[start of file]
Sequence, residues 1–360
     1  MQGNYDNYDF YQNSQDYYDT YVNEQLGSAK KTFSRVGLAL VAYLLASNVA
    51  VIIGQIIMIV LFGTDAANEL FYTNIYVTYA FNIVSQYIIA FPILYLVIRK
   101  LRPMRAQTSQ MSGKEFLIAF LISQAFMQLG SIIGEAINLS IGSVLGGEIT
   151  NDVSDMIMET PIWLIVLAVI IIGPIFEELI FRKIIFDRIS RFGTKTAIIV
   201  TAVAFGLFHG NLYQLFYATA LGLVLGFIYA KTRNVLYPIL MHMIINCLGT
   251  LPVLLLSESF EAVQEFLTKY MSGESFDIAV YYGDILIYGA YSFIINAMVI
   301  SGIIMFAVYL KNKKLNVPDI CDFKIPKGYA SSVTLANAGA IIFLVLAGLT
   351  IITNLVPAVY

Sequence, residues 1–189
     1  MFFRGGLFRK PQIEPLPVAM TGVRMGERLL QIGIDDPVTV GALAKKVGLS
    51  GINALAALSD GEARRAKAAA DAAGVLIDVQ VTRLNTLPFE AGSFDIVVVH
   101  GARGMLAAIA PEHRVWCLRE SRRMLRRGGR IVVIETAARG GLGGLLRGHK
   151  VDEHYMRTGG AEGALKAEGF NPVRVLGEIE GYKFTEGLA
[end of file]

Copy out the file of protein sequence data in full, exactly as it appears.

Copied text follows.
Sequence, residues 1–360
     1  MQGNYDNYDF YQNSQDYYDT YVNEQLGSAK KTFSRVGLAL VAYLLASNVA
    51  VIIGQIIMIV LFGTDAANEL FYTNIYVTYA FNIVSQYIIA FPILYLVIRK
   101  LRPMRAQTSQ MSGKEFLIAF LISQAFMQLG SIIGEAINLS IGSVLGGEIT
   151  NDVSDMIMET PIWLIVLAVI IIGPIFEELI FRKIIFDRIS RFGTKTAIIV
   201  TAVAFGLFHG NLYQLFYATA LGLVLGFIYA KTRNVLYPIL MHMIINCLGT
   251  LPVLLLSESF EAVQEFLTKY MSGESFDIAV YYGDILIYGA YSFIINAMVI
   301  SGIIMFAVYL KNKKLNVPDI CDFKIPKGYA SSVTLANAGA IIFLVLAGLT
   351  IITNLVPAVY

Sequence, residues 1–189
     1  MFFRGGLFRK PQIEPLPVAM TGVRMGERLL QIGIDDPVTV GALAKKVGLS
    51  GINALAALSD GEARRAKAAA DAAGVLIDVQ VTRLNTLPFE AGSFDIVVVH
   101  GARGMLAAIA PEHRVWCLRE SRRMLRRGGR IVVIETAARG GLGGLLRGHK
   151  VDEHYMRTGG AEGALKAEGF NPVRVLGEIE GYKFTEGLA